Estonia is often described as one of the most ‘wired’ digital-friendly countries in Europe, with significant developments in e-governance and cyber security over the last decade. Estonia was the first country to permit online voting and it has consistently led the way in digital signatures and online transactions since. The country is home to Skype, which revolutionised telecommunications, and hosts NATO’s Cooperative Cyber Defence Centre of Excellence in Tallinn.
Australia was one of the first countries to recognise Estonia's return to independence in August 1991, pushing strongly for the withdrawal of all Russian troops from Estonian territory in the period that followed.
Australia has the sixth-largest expatriate Estonian community after Finland, Russia, Sweden, Canada and the USA. The 2016 census in Australia recorded over 9,500 people who identified as being of Estonian ancestry.
Australia's Ambassador in Stockholm has non-resident accreditation to Estonia. Australia also has a consulate in Tallinn, headed by an Honorary Consul.Estonia is represented in Australia by an embassy in Canberra and honorary consulates in Adelaide, Hobart, Perth and Brisbane. Australia has a Working Holiday Maker arrangement with Estonia, which came into effect in May 2005. In September 2015, Australia and Estonia signed a bilateral Social Security Agreement. The agreement provides improved social security protection to people who live or work in both Australia and Estonia.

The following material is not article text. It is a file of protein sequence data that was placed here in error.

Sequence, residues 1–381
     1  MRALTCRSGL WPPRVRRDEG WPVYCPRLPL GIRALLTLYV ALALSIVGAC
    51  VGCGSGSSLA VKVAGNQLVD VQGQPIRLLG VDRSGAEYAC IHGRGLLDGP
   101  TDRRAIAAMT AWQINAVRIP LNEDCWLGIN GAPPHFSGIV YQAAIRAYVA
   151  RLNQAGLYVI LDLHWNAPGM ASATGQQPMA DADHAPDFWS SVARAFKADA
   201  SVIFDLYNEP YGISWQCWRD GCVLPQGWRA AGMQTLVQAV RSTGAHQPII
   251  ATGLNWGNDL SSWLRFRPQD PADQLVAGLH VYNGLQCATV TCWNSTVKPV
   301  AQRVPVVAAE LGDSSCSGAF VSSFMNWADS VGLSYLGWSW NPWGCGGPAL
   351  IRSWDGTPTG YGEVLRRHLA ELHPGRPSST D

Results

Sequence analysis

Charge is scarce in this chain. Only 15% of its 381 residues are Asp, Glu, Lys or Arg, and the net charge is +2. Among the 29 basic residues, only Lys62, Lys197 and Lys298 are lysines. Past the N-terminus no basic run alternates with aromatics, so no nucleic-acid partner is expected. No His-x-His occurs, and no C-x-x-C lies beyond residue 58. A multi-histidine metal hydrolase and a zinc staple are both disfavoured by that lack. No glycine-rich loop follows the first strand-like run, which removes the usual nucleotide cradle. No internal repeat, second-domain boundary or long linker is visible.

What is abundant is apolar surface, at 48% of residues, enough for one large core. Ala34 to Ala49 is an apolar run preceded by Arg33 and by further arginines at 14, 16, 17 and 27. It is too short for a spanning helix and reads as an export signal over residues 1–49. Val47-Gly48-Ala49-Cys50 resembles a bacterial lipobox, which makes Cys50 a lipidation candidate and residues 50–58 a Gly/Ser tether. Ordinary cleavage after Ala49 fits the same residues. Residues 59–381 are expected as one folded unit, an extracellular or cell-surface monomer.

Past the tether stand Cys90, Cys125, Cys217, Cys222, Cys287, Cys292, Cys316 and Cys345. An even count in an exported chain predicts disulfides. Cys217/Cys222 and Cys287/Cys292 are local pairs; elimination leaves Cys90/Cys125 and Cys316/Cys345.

The Minister for Foreign Affairs, the Hon Julie Bishop MP, visited Estonia in April 2017. This was followed in June 2017 by visits by Australia's Ambassador for Women and Girls, the Hon Dr Sharman Stone, and Ambassador for Cyber Affairs, Dr Tobias Feakin. Then President of the Australian Senate, Senator John Hogg, visited Estonia in October 2013. Then Minister for Foreign Affairs, the Hon Stephen Smith MP, visited Estonia as part of a Foreign Ministers' Meeting of the International Security Assistance Force in Afghanistan (ISAF), held in Tallinn in April 2010.
Then Estonian Foreign Minister Marina Kaljurand visited Australia to open Estonia's Embassy in Canberra in February 2016. Then Foreign Minister Urmas Paet visited Australia in November 2011.
Bilateral economic and trade relationship
Two-way merchandise trade between Australia and Estonia is small, valued at $83.9 million in 2016. Australia's exports to Estonia totalled $10.7 million, primarily consisting of gold coin and legal tender, and prepared additives for mineral oils. Estonia's exports to Australia for the same period were valued at $73 million and included wood, telecom equipment and parts, computers, and measuring and analysing instruments.
Australian institutions are working to develop education links and student exchange arrangements with Estonia. Monash University in Melbourne has an exchange agreement with the Estonian Business School in Tallinn.
For information on doing business in Estonia, see Austrade's website
Last updated: September 2017